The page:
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Please please please help 3rd attempt
Jul 28, 2010

I'm begging you for your help. I'm not going to lie and say that I will donate money in order to get an answer. If everyone on here that says they will donate actually did so, HIV/AIDS would be cured. I can, however, promise you my sincere appreciation and gratitude for your help.

I'm very concerned that I have hep c and HIV coinfection. In addition to HIV symptoms, I'm experiencing symptoms that are indicative of hepatitis c, including liver pain. I am desperately seeking answers, because I do not want to waste the next year of my life.

Now onto my question. You stated that,

"The health care worker guidelines for occupational exposure to coinfected patients suggest HIV-antibody testing at baseline, six weeks and twelve weeks after exposure. There is a caveat, however: If, and I must stress this "if," the health care worker develops acute hepatitis C infection, then and only then (I also stress the "then and only then") would additional HIV-antibody testing be recommend. In this case, and only in this case, are HIV tests out to 12 months recommended. Put another way, if the health care worker does not get ill with acute hepatitis C infection, additional tests would not be recommended!"

This is very clear - If you don't develop HCV, then HIV testing beyond 3 months in unwarranted.

However, the reason I'm confused by this recommendation is that HIV itself can ALSO delay hepatitis C antibodies from showing up in a HCV test longer than three months (sometimes out to a year) when both illnesses are contracted simultaneously. So how are we supposed to know that we don't have hep C and can rely on our three month HIV test?

The possibility that I have these disease and that I may have passed them onto others is destroying my life. I seriously cannot enjoy anything, because these illnesses are always in the back of my mind. Please help me.

Response from Dr. Frascino

Hi,

Your comment, "if everyone on here that says they will donate actually did so, HIV/AIDS would be cured," made me smile, because it's quite true. If not a cure, we would at least be handing out grants to rival the Bill and Melinda Gates Foundation! I very much appreciate your honesty and your gratitude.

Regarding hepatitis C/HIV coinfection, this has become a QTND (question that never dies). Here's the scoop: If you feel you have hepatitis, see your doctor. He can run simple blood tests (these are not hepatitis C-antibody tests!) to ascertain if your liver is inflamed. If it is not, you don't have acute hepatitis C. If you do have inflammation, he will examine you and run follow-up tests to ascertain the cause of the inflammation (hepatitis A, B, or C; non-infectious hepatitis, etc.). If and only if you have acute hepatitis C infection should you consider the possibility of testing out to 12 months, OK?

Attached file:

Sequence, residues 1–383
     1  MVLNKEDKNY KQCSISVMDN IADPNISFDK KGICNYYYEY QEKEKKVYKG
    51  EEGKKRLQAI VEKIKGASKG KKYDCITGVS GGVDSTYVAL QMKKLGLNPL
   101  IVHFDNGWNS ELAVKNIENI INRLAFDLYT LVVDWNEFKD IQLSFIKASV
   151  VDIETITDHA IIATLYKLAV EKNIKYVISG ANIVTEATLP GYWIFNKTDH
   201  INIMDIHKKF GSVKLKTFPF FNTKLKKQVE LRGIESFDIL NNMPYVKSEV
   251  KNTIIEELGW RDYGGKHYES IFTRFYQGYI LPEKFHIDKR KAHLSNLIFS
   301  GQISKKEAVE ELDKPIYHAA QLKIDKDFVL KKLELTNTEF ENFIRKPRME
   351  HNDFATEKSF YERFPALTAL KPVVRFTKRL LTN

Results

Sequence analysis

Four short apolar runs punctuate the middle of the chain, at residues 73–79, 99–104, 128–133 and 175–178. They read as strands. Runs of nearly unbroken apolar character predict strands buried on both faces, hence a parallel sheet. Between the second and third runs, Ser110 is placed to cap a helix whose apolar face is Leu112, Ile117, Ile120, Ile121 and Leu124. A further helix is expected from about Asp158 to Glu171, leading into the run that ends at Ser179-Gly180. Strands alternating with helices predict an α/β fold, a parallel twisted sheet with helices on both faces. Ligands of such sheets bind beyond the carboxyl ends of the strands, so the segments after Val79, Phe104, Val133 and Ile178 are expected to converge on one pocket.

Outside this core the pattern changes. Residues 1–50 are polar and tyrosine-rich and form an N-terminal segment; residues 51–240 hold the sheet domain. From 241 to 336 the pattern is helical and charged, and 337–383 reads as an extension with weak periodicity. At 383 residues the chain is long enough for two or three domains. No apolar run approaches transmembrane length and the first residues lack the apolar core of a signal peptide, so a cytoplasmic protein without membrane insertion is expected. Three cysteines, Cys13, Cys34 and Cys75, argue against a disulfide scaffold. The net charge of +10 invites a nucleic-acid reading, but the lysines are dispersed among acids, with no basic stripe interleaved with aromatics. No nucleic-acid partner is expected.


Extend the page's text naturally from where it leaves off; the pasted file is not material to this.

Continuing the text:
Hope that helps clarify things.

Dr. Bob

Guidelines may need to be revised or clarified Jul 27, 2010

Dear Doctor Bob,

I was really hoping for some clarification.

You stated in the archives (yes, I did check them) that,

"The health care worker guidelines for occupational exposure to coinfected patients suggest HIV-antibody testing at baseline, six weeks and twelve weeks after exposure. There is a caveat, however: If, and I must stress this "if," the health care worker develops acute hepatitis C infection, then and only then (I also stress the "then and only then") would additional HIV-antibody testing be recommend. In this case, and only in this case, are HIV tests out to 12 months recommended. Put another way, if the health care worker does not get ill with acute hepatitis C infection, additional tests would not be recommended!"

This is very clear - If you don't develop HCV, then HIV testing beyond 3 months in unwarranted.

However, the reason I'm confused by this recommendation is that HIV itself can ALSO delay hepatitis C antibodies from showing up in a HCV test longer than three months (sometimes out to a year) when both illnesses are contracted simultaneously. So how are we supposed to know that we don't have hep C and can rely on our three month HIV test?

I normally would not be too concerned by this, but in addition to HIV symptoms, I'm also exhibiting symptoms that are in line with HCV (i.e. liver pain). This is destroying my life and it just won't quit. I seriously cannot enjoy anything, because these illnesses are always in the back of my mind. I appreciate you help.

Response from Dr. Frascino

Hello,

Nope! The guidelines do not need revision.

You seem to be confused about a test result (detectable levels of hepatitis C antibodies) and an illness (acute hepatitis C infection). Please note the guidelines do not mention hepatitis C antibodies, but rather becoming clinically ill with acute hepatitis C. (This would involve physical symptoms, increases in liver function tests, etc.)

Your fears are unwarranted.

Dr. Bob



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